News is spreading that Windows Live Photo Gallery is going to be including face recognition for “family members and friends.”
Seems like an interesting feature, however, Microsoft needs to be careful here. I’m betting they’re talking about matching among a current set of commonly familiar faces over a given period of time. In other words, train the system to let’s say five people as they look today and then match subsequent photos around this time frame with those faces. You’re probably not going to be able to go back much in time to match with these faces–even for the same people. Kids grow too fast. Distant relatives change too rapidly with regards to sparse frequency in which you take photos of them. And frankly, even with your own photos of those closest to you, you’ll have the largest number of photos over the greatest period of time and yet one set of facial matching criteria probably won’t work across all of them. People change.
Any useful desktop facial recognition software is going to account for this. Anything else will be a demo toy.
Now here’s the thing. There are perfectly good uses of facial recognition, which can design around these issues. In no way am I saying not to use facial recognition. What I am saying is that a great product is going to make sense with regards to how people use photos (and may I suggest webcams). Whatever Microsoft implements, I hope its design makes sense and is not just a college-grade, gee-wiz app. OK, OK, one more hint. Think about something called mesh. A real solution along the direction I think Microsoft is going is going to use this.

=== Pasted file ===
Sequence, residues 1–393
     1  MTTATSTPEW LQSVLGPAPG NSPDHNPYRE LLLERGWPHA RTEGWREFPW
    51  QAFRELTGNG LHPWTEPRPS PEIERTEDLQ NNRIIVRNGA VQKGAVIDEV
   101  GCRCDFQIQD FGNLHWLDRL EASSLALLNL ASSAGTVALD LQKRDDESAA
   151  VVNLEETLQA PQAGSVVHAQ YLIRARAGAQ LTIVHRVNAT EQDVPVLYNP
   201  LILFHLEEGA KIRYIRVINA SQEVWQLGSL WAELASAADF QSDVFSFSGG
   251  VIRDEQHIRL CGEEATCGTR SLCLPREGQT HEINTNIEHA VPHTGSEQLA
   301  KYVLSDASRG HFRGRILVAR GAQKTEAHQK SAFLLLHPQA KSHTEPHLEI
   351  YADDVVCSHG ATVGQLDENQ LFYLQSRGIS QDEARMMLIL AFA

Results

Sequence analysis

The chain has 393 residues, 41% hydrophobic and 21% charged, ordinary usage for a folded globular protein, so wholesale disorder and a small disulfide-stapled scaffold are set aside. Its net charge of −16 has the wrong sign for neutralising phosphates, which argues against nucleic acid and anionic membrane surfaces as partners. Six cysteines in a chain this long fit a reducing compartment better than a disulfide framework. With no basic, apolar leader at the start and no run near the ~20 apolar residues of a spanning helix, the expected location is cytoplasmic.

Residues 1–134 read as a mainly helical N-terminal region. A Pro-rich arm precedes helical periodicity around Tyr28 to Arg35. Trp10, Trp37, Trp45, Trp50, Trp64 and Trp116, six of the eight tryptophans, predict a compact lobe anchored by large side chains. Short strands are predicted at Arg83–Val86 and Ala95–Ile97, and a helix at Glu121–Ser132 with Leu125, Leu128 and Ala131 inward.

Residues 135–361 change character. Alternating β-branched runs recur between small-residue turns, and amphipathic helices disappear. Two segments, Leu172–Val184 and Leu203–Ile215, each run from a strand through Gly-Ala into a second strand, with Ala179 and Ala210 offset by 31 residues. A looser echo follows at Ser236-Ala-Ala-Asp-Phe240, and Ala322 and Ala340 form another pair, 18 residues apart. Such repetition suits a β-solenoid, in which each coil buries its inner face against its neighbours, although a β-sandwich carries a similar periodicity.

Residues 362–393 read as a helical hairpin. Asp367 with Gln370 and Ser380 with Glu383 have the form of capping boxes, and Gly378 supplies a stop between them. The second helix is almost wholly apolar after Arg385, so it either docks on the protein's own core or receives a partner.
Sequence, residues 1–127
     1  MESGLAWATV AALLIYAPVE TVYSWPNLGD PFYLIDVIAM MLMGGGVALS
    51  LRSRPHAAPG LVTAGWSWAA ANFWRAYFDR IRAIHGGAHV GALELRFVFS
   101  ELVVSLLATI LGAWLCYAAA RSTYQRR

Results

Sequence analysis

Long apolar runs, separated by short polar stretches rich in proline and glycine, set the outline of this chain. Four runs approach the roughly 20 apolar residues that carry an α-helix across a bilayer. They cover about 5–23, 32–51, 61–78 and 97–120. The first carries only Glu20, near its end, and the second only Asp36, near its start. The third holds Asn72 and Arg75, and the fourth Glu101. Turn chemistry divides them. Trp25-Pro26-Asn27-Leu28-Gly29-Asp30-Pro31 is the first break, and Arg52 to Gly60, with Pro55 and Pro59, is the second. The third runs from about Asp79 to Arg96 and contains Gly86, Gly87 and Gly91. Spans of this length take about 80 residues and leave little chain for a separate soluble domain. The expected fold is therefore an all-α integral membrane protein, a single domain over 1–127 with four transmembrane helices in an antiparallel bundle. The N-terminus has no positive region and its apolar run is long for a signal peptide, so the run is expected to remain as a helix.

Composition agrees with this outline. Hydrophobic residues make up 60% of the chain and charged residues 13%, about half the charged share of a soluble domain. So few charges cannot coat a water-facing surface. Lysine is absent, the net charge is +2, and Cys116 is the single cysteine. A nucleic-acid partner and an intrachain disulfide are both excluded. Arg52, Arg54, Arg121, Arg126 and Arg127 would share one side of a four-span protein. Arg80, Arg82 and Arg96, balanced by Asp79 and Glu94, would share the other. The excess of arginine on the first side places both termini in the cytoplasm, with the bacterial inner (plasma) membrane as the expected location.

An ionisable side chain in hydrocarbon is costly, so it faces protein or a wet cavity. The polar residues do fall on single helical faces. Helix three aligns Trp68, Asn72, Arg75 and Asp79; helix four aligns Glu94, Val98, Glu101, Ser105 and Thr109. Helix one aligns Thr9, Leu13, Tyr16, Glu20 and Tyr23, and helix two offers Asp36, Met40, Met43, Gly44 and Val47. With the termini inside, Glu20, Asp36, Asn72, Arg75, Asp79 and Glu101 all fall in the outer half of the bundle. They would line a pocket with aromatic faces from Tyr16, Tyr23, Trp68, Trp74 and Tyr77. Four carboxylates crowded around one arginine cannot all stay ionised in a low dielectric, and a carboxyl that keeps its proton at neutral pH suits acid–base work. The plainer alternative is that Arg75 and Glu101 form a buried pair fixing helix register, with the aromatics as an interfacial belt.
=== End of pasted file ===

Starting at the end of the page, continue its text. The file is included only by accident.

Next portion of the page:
Oh, and one more thing. Microsoft needs to beef up its computer vision support across its OSes and devices. Where’s the .NET library for all this? Where’s the support for webcams in Silverlight? Or when you open up your brand new notebook for the first time that most likely includes a webcam, where’s the camera support in Windows? Where’s the virtual camera driver? etc, etc, etc. If you ask me, all of these are much more important to be spending resources on than something that will be shown in a demo and then that’s about it. Otherwise it makes Windows or Windows Live look more like a bag of stuff than a well designed product or service. If this helps anyone, think like Apple. Scratch that, just think.